Nature Documentaries take you out of the theatre (or your living room, wherever you happen to be watching!) and transport you to an entirely different world. You might end up in the ocean or the desert, at the Arctic or the plains. I love a nature documentary that really explains something to me; I want to learn something that I didn't know before and understand why an animal does what it does, or why something occurs only in a certain area. I've found some of the best documentaries about nature that I'd love to share with you, and I want to hear about your favorites, too!
Table of contents:
- blue planet
- the cove
- planet earth
- march of the penguins
1 Blue Planet
Blue Planet is actually a series of nature documentaries, and as such, it's a deeply comprehensive look at the world around us. It highlights the sea life of many animals, including those that hadn't been examined before this documentary. Of course, you'll have to deal with some detailed discussions about sperm whales.
There was no way I could skip this nature documentary. Funnily enough, watching Roseanne years ago alerted me to its presence. Cinemax has nothing on this movie, which shows in glorious detail the mating habits of some very amorous insects.
3 The Cove
The Cove is one of the most amazing nature documentaries I've ever seen. It's an Academy Award winner, and if you've seen it, you know why. It, too, primarily features animals – specifically, it focuses on the secretive dolphin hunts that take place in Tajii, Japan. I'm a dolphin lover from birth, so this one really hit home to me.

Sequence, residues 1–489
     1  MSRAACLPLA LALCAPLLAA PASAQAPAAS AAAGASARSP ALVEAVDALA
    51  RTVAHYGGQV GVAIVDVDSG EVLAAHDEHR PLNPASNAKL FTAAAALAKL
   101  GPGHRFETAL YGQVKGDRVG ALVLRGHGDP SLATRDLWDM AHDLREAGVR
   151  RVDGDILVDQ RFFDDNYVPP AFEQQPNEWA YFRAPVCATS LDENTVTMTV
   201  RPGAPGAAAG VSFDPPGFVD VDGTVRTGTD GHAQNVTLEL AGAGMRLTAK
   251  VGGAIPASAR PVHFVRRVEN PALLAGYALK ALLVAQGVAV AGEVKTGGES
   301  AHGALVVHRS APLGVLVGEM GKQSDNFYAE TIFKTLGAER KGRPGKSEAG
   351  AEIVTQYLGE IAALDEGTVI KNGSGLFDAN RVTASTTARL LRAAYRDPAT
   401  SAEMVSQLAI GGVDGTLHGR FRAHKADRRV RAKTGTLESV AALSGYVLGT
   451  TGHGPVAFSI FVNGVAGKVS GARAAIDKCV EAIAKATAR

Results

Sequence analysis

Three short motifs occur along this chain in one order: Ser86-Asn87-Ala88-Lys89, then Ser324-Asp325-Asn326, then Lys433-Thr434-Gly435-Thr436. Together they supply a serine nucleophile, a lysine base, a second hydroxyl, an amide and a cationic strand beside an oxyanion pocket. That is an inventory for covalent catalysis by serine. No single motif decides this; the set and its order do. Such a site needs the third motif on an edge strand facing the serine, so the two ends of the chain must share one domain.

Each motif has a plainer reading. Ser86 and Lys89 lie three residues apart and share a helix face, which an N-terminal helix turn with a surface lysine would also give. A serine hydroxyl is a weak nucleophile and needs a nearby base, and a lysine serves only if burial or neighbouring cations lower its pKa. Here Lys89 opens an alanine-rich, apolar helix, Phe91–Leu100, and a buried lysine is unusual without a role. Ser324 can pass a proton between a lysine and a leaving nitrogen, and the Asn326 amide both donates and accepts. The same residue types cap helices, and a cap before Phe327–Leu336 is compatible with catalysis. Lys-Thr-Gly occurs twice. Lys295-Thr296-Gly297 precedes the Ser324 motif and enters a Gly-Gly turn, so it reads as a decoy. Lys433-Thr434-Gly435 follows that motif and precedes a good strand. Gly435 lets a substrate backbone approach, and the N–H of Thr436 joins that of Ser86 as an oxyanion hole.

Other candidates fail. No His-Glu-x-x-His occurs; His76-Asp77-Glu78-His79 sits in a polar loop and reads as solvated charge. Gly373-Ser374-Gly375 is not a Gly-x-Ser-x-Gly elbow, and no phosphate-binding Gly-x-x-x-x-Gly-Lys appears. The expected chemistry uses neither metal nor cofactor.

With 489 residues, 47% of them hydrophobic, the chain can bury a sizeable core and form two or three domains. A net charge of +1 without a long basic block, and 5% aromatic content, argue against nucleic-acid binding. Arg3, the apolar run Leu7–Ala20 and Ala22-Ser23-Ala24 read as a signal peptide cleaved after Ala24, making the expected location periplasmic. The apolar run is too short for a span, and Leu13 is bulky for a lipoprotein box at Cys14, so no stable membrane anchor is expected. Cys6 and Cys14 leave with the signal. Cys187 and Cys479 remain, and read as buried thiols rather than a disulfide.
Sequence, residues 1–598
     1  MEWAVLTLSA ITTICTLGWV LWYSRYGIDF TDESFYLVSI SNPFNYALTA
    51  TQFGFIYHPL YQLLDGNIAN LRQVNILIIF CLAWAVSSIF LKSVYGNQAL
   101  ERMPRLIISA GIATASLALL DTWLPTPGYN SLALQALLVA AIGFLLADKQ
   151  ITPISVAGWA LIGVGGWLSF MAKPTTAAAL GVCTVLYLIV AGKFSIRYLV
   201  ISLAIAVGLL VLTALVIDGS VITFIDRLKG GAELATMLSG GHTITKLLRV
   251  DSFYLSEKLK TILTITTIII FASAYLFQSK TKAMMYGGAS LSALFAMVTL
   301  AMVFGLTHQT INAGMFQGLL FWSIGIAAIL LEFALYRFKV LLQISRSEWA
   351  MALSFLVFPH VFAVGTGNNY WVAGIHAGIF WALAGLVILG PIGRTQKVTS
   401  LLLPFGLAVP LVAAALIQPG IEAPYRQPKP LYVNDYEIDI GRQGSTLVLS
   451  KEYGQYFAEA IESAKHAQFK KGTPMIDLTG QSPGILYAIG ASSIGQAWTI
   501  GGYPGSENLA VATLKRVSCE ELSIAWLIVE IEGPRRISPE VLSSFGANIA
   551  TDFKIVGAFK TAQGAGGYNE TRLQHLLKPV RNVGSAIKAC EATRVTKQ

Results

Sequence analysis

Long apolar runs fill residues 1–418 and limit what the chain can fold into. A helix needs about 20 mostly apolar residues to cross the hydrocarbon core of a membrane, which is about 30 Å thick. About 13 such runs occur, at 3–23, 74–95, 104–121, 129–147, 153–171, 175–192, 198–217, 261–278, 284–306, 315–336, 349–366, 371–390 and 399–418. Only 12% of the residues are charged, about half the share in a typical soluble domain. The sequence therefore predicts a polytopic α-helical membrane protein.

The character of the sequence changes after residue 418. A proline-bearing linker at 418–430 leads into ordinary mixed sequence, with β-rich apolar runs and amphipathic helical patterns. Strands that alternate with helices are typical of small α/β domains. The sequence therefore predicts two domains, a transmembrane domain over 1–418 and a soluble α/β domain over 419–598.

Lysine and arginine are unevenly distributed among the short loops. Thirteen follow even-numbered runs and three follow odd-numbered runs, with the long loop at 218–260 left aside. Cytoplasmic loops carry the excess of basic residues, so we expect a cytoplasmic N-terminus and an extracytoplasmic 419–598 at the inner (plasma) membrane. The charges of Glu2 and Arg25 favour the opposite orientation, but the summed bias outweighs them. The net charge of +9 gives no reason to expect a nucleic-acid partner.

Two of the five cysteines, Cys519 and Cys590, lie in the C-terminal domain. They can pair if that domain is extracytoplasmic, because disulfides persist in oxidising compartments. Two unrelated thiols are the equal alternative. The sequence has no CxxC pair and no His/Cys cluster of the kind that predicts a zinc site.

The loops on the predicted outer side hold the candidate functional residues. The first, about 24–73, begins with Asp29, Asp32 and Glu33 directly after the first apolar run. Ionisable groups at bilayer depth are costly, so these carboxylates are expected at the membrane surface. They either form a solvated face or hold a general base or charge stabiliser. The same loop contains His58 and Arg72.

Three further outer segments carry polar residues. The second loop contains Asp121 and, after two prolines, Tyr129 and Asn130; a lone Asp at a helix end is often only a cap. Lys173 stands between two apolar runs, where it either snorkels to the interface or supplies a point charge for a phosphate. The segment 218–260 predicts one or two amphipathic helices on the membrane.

4 Planet Earth
Planet Earth is another series of documentaries about nature. It, too, is incredibly detailed, primarily focusing on many of Earth's ecosystems, how they've changed, and how they might change in the future. This one pulls no punches, in that it also highlights the effect humans have on the world around us.
There are many nature documentaries that talk about oil – after all, it's Earth's most precious resource. However, this is one of the best examples I've ever seen. It's terrifying, but it brings up several good points, even if you don't agree with Michael Ruppert.
6 March of the Penguins
March of the Penguins might well be the most popular nature documentary ever. I've yet to meet anyone who didn't watch this and get at least a little teary eyed. It instantly brought penguins to the height of popularity. Who knew that watching penguins do their thing could be so interesting, let alone so moving?
You can't discuss nature documentaries without talking about Carl Sagan's Cosmos. There's no way. Now, I know this deals more with astronomy, but even still, it's a pivotal and extremely revolutionary series of documentaries. It's so incredibly detailed, you'll walk away from it knowing much, much more than you did before.
I'm kind of cheating here, since Earth is basically the feature length version of Planet Earth, but to me there are enough differences to justify including both versions. The photography in this film is absolutely breathtaking, and as with both the original and March of the Penguins, it shows just how interesting it can be to watch a nature documentary featuring the daily lives of different animals.
When you watch nature documentaries, you can learn so much. As you can see, some of the most touching, heartfelt movies have been documentaries based around certain animals or locations. They're great for kids and adults, so you might think about incorporating some of these in your family movie night! Now, why don't you describe some of your favorite documentaries about nature?
Top Image Source: weheartit.com
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